Review by Camden Ferrell
The DC Extended Universe might have ended for all intents and purposes with this year’s The Flash, but DC is back with a new movie that will connect to their new cinematic universe. Blue Beetle is finally reaching the big screens after years of development. This new superhero movie is directed by Angel Manuel Soto whose most recent feature film was 2020’s Charm City Kings. This is a fun and simple superhero origin story that has enough heart and charm to make up for its shortcomings.
Jaime Reyes is a recent college graduate who is ready to make his mark on the world. Unfortunately, once he returns home, he finds his family is suffering through tough times and that finding a job is harder than expected. However, a chance encounter with an ancient Scarab, he finds himself turned into the superhero Blue Beetle. Even though this is a beloved superhero, it’s an old-fashioned origin story that will appeal to fans of the character while also introducing him to those unfamiliar with his story.
Written by Gareth Dunnet-Alcocer, the script’s biggest flaw is also what makes it so endearing. The movie doesn’t take narrative risks at all, and it follows familiar beats while adhering to specific superhero tropes. But this isn’t a movie that needs ambition and subversion to succeed. When the movie is about the bonds and strength of family and coming into one’s own, it doesn’t always have to be fresh and exciting to satisfy viewers. It’s a story we’ve seen many times before, but it’s the characters and their unique relationships that give the movie its soul.
Xolo Maridueña leads the film as Jaime, and for his first starring role in a movie, he does a decent job. He has the good looks and youthful charisma to pull the character off. It’s not a particularly complicated role, but it is one that will make or break the film. The only other character that really stands out is George Lopez who plays Jaime’s cousin. It’s no secret that he’s a naturally funny person, and this movie gives him a chance to make audiences laugh with his over-the-top antics and reactions. The rest of the cast is passable at best and noticeably lacking at worst. Susan Sarandon, who has delivered many iconic performances in her career, appears to phone it in as this movie’s villain.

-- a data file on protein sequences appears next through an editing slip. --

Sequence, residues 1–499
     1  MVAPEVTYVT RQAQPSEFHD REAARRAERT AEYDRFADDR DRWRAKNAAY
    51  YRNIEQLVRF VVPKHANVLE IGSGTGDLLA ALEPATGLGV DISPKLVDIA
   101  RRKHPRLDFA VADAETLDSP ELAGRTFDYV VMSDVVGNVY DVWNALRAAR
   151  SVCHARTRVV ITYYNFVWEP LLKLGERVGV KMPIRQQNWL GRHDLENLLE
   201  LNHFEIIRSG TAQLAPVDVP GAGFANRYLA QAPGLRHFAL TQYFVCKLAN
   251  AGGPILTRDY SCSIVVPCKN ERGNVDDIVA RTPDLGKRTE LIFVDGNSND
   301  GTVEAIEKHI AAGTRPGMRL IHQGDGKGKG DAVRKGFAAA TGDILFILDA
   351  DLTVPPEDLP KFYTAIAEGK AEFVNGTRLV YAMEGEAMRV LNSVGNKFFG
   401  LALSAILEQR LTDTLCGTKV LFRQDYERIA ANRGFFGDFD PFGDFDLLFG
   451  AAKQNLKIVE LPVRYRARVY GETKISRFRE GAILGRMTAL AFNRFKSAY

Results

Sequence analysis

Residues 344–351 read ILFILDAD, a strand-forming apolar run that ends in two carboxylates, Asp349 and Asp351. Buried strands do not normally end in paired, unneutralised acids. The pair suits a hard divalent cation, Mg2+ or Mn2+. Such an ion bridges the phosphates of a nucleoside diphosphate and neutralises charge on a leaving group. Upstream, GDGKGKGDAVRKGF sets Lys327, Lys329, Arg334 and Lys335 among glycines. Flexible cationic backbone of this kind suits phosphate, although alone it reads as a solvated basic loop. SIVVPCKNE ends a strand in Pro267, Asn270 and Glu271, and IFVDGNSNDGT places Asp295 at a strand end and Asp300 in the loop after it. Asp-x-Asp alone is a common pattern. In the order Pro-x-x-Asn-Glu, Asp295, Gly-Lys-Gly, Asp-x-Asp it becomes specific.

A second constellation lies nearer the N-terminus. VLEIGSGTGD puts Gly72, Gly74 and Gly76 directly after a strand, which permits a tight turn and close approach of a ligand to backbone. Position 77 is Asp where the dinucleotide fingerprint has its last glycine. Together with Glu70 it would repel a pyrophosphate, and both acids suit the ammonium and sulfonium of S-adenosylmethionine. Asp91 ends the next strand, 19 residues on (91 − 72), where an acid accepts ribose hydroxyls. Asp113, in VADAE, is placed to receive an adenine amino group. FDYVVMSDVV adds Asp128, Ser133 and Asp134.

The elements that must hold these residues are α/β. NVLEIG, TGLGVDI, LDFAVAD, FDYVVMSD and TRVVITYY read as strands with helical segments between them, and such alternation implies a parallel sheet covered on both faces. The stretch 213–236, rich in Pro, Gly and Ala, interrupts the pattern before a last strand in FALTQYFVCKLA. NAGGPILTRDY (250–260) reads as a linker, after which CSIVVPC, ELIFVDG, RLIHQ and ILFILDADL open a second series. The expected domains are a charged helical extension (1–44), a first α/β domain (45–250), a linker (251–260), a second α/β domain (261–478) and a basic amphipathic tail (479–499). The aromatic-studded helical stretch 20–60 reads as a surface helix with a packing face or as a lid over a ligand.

The movie is never astounding, but it’s also never bad. It’s an enjoyable and straightforward superhero movie that all audiences are going to enjoy. The suit itself looks fantastic, and there’s some decent fights and choreography throughout. It can feel the slightest bit too long, but it’s so crowd-pleasing that it’s forgivable. At its core, it’s a movie about family, and I think many viewers will resonate with that message.
Blue Beetle is a strong introduction for the titular character to the big screen. It may not hold much rewatch value, but for one viewing, it’s quite entertaining. Some of the acting is subpar, and the story is as predictable as they come, but for those looking for a fun and relaxing time at the movies, this isn’t a bad choice at all.
Blue Beetle is in theaters August 18.